It’s not all good and it’s not all bad. But states are taking action on solar power policies, particularly on net-metering and fixed charges. That’s according to a new report out from the The NC Clean Energy Technology Center and by the Meister Consultants Group. The University of North Carolina entity that maintains the Database of State Incentives for Renewable Energy (DSIRE).
It found utilities are continuing to push back against net-metering rules and distributed solar but some commissions are upholding the incentive programs that are encouraging homeowners and businesses to install solar panels on their homes. In all, 46 states took action on such policies in 2015, according to The 50 States of Solar: 2015 Policy Review and Q4 Quarterly Report.
“The last quarter of 2015 has demonstrated that states and utilities are responding to the increase in distributed generation in radically different ways. Nevada’s decision to roll back net metering and California’s continued support of retail rate net metering illustrate the stark contrast,” observed Kathryn Wright, a Meister Consultants Group, consultant and report co-author.
Both Hawaii and Nevada ended their net-metering programs as they were. Customers in those states will now be compensated for grid exports at the avoided cost rate, according to the report. That policy, it said, is called net billing. Balancing that out California, Colorado and Iowa voted to keep net-metering—at least for now and South Carolina implemented net metering rules for the first time. “Mississippi regulators enacted a net billing policy after years of deliberation. Maine, Louisiana, and a number of other states are considering alternative policies to replace net metering,” the report stated.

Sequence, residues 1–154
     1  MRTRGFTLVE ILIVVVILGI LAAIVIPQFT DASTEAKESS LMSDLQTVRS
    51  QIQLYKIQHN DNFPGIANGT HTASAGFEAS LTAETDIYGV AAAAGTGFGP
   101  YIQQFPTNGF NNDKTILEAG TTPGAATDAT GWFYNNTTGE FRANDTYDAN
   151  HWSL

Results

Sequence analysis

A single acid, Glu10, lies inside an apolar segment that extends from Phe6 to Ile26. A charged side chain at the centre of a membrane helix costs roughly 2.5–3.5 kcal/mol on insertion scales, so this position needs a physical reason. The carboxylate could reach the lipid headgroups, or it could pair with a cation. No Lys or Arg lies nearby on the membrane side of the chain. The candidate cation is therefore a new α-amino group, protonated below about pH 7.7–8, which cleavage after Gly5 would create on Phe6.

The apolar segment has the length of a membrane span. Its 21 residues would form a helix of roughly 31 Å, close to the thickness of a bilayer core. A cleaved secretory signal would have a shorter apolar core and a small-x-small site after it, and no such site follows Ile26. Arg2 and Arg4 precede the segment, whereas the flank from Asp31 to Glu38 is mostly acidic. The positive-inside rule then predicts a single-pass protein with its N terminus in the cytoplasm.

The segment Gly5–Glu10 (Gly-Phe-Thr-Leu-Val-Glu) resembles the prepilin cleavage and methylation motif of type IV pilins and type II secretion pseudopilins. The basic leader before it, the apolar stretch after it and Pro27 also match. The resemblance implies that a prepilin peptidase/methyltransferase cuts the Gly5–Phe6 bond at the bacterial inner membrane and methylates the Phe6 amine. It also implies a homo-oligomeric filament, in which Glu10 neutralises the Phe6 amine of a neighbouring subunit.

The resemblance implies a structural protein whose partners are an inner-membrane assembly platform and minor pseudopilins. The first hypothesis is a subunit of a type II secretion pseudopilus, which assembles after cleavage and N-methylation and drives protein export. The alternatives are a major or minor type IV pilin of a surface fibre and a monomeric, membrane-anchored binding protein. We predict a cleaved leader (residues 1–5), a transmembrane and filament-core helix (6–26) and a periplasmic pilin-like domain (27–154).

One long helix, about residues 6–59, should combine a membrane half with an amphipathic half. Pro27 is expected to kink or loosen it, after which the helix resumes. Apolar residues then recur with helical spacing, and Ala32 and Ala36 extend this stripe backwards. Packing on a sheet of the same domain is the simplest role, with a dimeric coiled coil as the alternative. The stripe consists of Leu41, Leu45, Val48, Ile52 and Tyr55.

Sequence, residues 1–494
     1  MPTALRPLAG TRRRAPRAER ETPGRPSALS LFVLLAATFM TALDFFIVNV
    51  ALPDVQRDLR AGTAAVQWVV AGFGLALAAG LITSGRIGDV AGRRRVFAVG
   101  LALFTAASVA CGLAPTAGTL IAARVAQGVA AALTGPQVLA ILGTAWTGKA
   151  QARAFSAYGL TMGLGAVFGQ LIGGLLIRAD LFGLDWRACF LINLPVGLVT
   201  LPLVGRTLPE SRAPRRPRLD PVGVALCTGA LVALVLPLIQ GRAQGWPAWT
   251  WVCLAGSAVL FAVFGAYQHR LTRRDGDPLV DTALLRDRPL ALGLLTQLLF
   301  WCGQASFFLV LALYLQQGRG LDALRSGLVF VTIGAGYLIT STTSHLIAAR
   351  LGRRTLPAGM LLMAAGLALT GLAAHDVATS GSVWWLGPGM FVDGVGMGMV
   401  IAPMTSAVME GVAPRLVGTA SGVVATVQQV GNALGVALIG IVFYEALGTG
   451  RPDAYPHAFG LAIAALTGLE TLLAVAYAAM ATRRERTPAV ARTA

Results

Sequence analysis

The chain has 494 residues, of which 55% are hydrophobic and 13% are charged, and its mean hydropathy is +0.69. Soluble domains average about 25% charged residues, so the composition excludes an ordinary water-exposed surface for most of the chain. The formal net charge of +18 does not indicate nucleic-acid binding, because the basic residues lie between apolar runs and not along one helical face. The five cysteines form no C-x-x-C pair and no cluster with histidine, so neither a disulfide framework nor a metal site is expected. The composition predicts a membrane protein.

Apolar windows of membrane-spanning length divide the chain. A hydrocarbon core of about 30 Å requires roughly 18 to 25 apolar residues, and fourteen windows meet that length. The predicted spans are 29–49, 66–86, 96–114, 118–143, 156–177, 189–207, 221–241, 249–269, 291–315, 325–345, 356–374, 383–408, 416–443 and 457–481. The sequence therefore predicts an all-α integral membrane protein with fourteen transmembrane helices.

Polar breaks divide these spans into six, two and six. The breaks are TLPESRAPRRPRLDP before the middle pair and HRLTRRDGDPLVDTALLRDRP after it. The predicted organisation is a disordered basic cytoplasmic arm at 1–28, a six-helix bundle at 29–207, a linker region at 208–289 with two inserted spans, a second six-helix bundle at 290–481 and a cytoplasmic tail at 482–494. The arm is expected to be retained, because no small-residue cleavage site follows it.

The other big issue facings are fixed charges for rooftop solar. Fully 61 utilities proposed increased fixed charges on residential customers. “There were 21 examples in 13 states of utilities proposing extra charges or fees on solar, distributed generation, or net metering customers, but few were approved,” the report found.
“With more than 200,000 Americans working in good-paying solar jobs, solar has been a true success story for our recovering economy,” said Energy Policy Analyst at the center and co-author Benjamin Inskeep. “However, this report demonstrates that critically important state policies like net metering are experiencing unprecedented uncertainty, as many states considered drastic policy changes in 2015. If we want to continue to increase the amount of electricity we generate from clean energy and keep these good jobs in our communities, then it is paramount that solar policies fairly treat—not penalize—folks who go solar.”Tweet